“You can’t skip the process. You can’t shortcut the process. You can’t speed up the process .You have to go through the process” –Pastor Kris Duerksen, this Sunday morning.
Ugh, how I love-hate the process. On one hand, the process is glorious. I have it emblazoned on the header of this blog: “Life is a grand adventure, or nothing.” It could also read, ‘If you’re not struggling you’re not living.” There is something exhilarating about the tension of being far less than what you see yourself being. You’re not comfortable, but at least you know you are alive. Your aching muscles keep reminding you.
But if you’re like me, you think you should have your life together already, know what I mean? In example, how long does it take to get my finances in order? Can I just expect to be broke for the next ten years? Why can’t I muscle my way into a better monetary place? Well I am, sort of, in a better place than even two months ago. Still, it’s hard to believe I could ever rise above.
The quote above reinforced in me this idea: It’s no use beating myself up about it. I’m such an expert at self-flagellation. I remind myself every second minute that I’ve yet to reach my goal of perfection. But I can’t fix (insert problem here) by guilt-tripping myself. I’ve got to keep powering along, trusting that each incremental change takes me closer to freedom. I also have to trust that God is working in me, and that even though I’m tired, he isn’t. He won’t give up on me.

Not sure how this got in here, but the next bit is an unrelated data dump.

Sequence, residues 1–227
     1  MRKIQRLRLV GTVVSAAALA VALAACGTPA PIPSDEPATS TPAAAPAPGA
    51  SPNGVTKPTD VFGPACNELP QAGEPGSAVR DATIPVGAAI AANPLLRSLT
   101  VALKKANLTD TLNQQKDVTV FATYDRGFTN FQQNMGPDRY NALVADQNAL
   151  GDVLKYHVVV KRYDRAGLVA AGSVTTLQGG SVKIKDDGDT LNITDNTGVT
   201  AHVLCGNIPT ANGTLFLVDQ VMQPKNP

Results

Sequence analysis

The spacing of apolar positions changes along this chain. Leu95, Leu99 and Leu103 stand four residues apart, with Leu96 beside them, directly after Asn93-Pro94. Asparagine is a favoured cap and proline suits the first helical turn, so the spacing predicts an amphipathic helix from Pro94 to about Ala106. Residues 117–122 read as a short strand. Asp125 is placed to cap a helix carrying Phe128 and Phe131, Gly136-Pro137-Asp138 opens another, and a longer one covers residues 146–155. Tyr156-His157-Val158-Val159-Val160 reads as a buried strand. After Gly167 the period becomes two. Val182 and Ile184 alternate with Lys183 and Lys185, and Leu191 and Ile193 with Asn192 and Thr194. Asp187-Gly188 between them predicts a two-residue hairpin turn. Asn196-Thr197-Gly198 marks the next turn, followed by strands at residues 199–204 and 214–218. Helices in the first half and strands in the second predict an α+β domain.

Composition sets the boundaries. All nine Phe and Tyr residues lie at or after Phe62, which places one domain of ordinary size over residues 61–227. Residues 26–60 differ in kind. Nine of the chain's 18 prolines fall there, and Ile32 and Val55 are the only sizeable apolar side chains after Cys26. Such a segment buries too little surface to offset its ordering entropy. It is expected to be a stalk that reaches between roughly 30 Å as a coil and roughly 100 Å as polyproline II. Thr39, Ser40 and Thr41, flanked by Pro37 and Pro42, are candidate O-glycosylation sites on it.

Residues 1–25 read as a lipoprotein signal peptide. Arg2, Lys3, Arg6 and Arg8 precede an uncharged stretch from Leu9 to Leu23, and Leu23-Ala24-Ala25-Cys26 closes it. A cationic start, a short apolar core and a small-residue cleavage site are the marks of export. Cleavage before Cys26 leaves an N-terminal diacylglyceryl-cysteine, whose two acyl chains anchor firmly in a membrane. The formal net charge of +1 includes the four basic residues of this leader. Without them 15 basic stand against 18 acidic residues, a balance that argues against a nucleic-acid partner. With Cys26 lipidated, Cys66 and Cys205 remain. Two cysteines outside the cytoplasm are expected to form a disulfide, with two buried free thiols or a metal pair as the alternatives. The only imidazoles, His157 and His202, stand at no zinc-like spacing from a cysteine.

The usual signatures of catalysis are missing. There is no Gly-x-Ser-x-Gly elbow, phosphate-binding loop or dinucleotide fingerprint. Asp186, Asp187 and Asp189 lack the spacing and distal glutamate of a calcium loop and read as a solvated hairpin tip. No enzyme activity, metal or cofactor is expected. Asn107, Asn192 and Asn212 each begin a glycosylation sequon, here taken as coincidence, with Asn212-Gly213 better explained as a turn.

So, with that in mind, here’s a motto I picked up along the way. “The only way to go back is to go forward.” I utilize this during longer runs, when I’m still at the pre ‘runner’s high’ stage and asking myself why I’m doing this to myself again, or near the end when my legs have had enough. “Well how will you get home if you don’t keep going, huh?” You don’t get home by sitting there. You don’t get better by bailing on the process.
The process is sometimes fun. My first couple weeks of half-marathon training were fantastic. I longed for the end of the workday when I could hit the gym, or the pavement. But now I’m stressed, and kind of terrified. I think it will become fun again.
There’s only one way to find out. “Once more unto the breach!”